EL DORADO (director: Howard Hawks; screenwriters: from the book The Stars in Their Courses by Harry Brown/Leigh Brackett; cinematographer: Harold Rosson; editor: John M. Woodcock; music: Nelson Riddle; cast: John Wayne (Cole Thornton), Robert Mitchum (El Dorado Sheriff J.P. Harrah), Ed Asner (Bart Jason), James Caan (Alan Bourdillion Traherne, ‘Mississippi’), Charlene Holt (Maudie), Paul Fix (Dr. Miller), Arthur Hunnicutt (Bull Harris), R.G. Armstrong (Kevin MacDonald), Michele Carey (Josephine (Joey) MacDonald), Johnny Crawford (Luke MacDonald), Christopher George (Nelse McLeod); Runtime: 126; MPAA Rating: NR; producer: Howard Hawks; Paramount; 1966)
“It takes a long time getting to the final shootout.”
Reviewed by Dennis Schwartz
The 70-year-old Howard Hawks’ (“The Thing”/”Rio Lobo”) easy-going but disappointingly routine Western is based on the book The Stars in Their Courses by Harry Brown and is written by female writer Leigh Brackett, who scripted Hawks’ 1959 Rio Bravo. The film resembles Brackett’s Rio Bravo script more than it does Brown’s book, though I found it inferior to the original. The roles previously played by Dean Martin, Rick Nelson, Walter Brennan and Angie Dickinson are now filled by Robert Mitchum, James Caan, Arthur Hunnicutt and Charlene Holt.
Hired gunslinger Cole Thornton (John Wayne) arrives in El Dorado to work for evil cattle baron Bart Jason (Ed Asner) to drive struggling rancher Kevin MacDonald’s (R.G. Armstrong) large family off the land so Jason can steal the land that holds the water he needs for his cattle. But before Cole accepts he meets with his old friend Sheriff J.P. Harrah (Robert Mitchum) and changes his mind. Unfortunately the news hasn’t traveled to the MacDonald’s, and the patriarch’s young son Luke gets killed after taking a potshot at Cole while he’s on the trail. His feisty sis Joey (Michele Carey) is not convinced of Cole’s story when he brings the body back to the ranch and she takes a potshot at Cole, which lodges a bullet near the spine that the local doctor (Paul Fix) feels he’s not capable of removing– suggesting he better see a city doctor soon or he might become paralyzed.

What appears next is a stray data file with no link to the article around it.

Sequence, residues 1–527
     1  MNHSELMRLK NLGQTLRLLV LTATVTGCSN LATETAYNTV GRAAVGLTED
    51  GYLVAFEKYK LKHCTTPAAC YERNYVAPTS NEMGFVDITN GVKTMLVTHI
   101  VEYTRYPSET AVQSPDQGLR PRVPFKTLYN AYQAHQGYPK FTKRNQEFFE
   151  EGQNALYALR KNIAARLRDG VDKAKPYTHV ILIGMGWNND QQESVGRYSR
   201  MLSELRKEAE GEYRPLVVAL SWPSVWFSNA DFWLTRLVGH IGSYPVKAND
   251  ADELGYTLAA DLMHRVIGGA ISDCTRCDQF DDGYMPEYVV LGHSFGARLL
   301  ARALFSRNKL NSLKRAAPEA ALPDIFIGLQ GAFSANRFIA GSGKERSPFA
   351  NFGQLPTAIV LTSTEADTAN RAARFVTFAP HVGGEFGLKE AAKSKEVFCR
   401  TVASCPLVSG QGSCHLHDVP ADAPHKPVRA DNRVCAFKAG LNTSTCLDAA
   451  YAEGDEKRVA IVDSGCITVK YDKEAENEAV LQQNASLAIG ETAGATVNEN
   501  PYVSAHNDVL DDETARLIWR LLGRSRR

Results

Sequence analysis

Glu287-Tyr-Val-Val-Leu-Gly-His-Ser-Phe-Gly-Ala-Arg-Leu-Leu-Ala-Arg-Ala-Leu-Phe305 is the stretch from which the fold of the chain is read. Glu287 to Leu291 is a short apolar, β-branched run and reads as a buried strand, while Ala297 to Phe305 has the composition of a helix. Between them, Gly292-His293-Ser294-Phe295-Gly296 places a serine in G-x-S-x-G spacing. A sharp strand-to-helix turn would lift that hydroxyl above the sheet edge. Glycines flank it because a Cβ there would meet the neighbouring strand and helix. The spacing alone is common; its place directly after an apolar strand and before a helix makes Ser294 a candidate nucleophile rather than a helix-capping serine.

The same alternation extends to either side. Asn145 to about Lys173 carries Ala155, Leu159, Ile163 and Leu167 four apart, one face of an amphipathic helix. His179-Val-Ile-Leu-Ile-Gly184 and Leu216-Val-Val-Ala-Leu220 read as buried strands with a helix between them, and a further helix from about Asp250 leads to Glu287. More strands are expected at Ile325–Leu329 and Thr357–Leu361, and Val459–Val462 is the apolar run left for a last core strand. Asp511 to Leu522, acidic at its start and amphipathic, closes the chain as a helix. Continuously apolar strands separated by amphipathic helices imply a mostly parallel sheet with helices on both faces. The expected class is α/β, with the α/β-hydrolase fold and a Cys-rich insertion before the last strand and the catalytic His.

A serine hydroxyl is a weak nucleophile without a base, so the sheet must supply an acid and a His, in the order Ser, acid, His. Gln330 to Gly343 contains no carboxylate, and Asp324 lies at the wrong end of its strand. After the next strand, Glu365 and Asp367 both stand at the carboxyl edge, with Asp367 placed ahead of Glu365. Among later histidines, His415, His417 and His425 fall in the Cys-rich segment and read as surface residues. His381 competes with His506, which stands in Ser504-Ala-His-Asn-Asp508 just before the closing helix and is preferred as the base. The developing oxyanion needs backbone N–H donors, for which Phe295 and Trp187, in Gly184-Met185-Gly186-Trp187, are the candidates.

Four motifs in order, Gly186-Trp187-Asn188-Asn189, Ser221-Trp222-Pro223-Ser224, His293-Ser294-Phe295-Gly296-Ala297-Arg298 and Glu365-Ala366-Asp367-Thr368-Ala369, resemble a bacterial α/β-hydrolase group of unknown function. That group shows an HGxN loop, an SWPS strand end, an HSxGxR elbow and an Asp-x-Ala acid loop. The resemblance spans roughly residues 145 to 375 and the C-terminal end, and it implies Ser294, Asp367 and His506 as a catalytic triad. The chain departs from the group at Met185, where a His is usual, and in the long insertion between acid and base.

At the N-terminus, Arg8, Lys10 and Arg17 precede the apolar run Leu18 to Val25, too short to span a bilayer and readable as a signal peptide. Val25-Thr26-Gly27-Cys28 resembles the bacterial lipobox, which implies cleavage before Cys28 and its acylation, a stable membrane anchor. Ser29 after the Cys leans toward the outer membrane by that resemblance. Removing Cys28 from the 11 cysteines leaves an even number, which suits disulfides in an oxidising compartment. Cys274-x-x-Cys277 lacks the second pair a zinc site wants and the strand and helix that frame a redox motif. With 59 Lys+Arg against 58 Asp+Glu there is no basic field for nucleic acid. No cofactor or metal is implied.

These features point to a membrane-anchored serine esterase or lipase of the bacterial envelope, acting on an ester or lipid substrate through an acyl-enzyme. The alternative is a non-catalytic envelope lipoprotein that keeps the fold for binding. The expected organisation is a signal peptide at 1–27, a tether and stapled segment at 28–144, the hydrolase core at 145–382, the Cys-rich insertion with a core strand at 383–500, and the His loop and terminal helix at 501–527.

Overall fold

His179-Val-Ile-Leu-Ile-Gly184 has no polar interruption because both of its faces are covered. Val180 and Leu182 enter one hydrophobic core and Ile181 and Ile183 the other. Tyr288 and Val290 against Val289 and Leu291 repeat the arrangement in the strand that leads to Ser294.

Cole leaves town for a year but returns with a young partner, a drifter named Mississippi (James Caan), when he learns that Jason hired the infamous Nelse McLeod (Christopher George) and his five-man gang to get rid of the family. The action stalls for the long middle part, as Cole groans with disappointment that Harrah has become an alcoholic and is disheveled since the last time they met. Cole’s saloon owner love interest Maudie (Charlene Holt) tells him it happened because Harrah was dumped by a girl she warned him about as not good for him. The gunfighters are joined by the deputy, the grizzly old-timer Indian fighter with a bugle named Bull (Arthur Hunnicutt), and the film goes into a melodramatic mode telling of the importance of friends, self-respect, professionalism and tolerance for the flaws of others. As Mitchum battles his booze problem, Wayne battles the side effects from the damaging gun wound. It takes a long time getting to the final shootout, but that’s carried out as efficiently as you would expect it to be in a Wayne Western. Despite the attempts at comedy, because of the heavy emphasis on how weak a man is when under the influence of booze, the film remains bleak.
REVIEWED ON 8/19/2005 GRADE: B
Dennis Schwartz: “Ozus’ World Movie Reviews”
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